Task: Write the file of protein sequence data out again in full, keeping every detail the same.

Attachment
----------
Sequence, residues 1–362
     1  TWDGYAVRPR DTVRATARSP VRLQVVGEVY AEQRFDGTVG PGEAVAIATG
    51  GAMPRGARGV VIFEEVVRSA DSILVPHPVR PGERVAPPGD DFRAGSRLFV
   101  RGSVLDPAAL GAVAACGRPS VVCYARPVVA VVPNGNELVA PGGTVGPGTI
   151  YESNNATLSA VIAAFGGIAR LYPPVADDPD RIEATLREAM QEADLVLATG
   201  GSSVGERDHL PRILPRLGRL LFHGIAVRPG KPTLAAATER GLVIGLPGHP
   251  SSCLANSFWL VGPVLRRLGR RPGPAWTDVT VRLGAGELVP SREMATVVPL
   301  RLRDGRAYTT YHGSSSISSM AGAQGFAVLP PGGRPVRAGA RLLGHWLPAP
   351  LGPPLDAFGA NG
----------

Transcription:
Sequence, residues 1–362
     1  TWDGYAVRPR DTVRATARSP VRLQVVGEVY AEQRFDGTVG PGEAVAIATG
    51  GAMPRGARGV VIFEEVVRSA DSILVPHPVR PGERVAPPGD DFRAGSRLFV
   101  RGSVLDPAAL GAVAACGRPS VVCYARPVVA VVPNGNELVA PGGTVGPGTI
   151  YESNNATLSA VIAAFGGIAR LYPPVADDPD RIEATLREAM QEADLVLATG
   201  GSSVGERDHL PRILPRLGRL LFHGIAVRPG KPTLAAATER GLVIGLPGHP
   251  SSCLANSFWL VGPVLRRLGR RPGPAWTDVT VRLGAGELVP SREMATVVPL
   301  RLRDGRAYTT YHGSSSISSM AGAQGFAVLP PGGRPVRAGA RLLGHWLPAP
   351  LGPPLDAFGA NG